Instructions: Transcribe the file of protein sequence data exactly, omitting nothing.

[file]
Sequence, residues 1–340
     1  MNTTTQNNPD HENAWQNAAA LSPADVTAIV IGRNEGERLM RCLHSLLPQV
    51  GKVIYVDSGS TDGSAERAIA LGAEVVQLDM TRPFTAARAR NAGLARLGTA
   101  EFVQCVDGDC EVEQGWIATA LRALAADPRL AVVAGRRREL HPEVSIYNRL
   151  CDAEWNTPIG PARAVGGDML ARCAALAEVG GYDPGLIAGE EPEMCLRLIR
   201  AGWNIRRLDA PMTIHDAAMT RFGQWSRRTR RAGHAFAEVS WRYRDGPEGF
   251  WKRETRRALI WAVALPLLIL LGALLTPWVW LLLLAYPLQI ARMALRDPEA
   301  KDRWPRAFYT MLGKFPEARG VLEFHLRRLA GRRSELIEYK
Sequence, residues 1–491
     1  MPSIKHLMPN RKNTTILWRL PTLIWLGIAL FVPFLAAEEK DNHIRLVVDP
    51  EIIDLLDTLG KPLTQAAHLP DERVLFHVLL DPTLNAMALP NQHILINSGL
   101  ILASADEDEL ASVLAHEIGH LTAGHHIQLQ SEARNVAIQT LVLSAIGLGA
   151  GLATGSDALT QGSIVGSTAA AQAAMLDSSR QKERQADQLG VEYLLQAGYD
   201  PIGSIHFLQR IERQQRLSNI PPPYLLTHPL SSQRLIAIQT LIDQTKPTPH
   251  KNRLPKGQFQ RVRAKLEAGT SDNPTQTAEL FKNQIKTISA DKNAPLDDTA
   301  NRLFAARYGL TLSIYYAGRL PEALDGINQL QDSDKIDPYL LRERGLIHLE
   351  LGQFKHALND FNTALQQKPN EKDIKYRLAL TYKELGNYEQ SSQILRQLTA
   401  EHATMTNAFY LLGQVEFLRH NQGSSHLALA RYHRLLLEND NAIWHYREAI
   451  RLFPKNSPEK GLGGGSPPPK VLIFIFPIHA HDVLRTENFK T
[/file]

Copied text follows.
Sequence, residues 1–340
     1  MNTTTQNNPD HENAWQNAAA LSPADVTAIV IGRNEGERLM RCLHSLLPQV
    51  GKVIYVDSGS TDGSAERAIA LGAEVVQLDM TRPFTAARAR NAGLARLGTA
   101  EFVQCVDGDC EVEQGWIATA LRALAADPRL AVVAGRRREL HPEVSIYNRL
   151  CDAEWNTPIG PARAVGGDML ARCAALAEVG GYDPGLIAGE EPEMCLRLIR
   201  AGWNIRRLDA PMTIHDAAMT RFGQWSRRTR RAGHAFAEVS WRYRDGPEGF
   251  WKRETRRALI WAVALPLLIL LGALLTPWVW LLLLAYPLQI ARMALRDPEA
   301  KDRWPRAFYT MLGKFPEARG VLEFHLRRLA GRRSELIEYK
Sequence, residues 1–491
     1  MPSIKHLMPN RKNTTILWRL PTLIWLGIAL FVPFLAAEEK DNHIRLVVDP
    51  EIIDLLDTLG KPLTQAAHLP DERVLFHVLL DPTLNAMALP NQHILINSGL
   101  ILASADEDEL ASVLAHEIGH LTAGHHIQLQ SEARNVAIQT LVLSAIGLGA
   151  GLATGSDALT QGSIVGSTAA AQAAMLDSSR QKERQADQLG VEYLLQAGYD
   201  PIGSIHFLQR IERQQRLSNI PPPYLLTHPL SSQRLIAIQT LIDQTKPTPH
   251  KNRLPKGQFQ RVRAKLEAGT SDNPTQTAEL FKNQIKTISA DKNAPLDDTA
   301  NRLFAARYGL TLSIYYAGRL PEALDGINQL QDSDKIDPYL LRERGLIHLE
   351  LGQFKHALND FNTALQQKPN EKDIKYRLAL TYKELGNYEQ SSQILRQLTA
   401  EHATMTNAFY LLGQVEFLRH NQGSSHLALA RYHRLLLEND NAIWHYREAI
   451  RLFPKNSPEK GLGGGSPPPK VLIFIFPIHA HDVLRTENFK T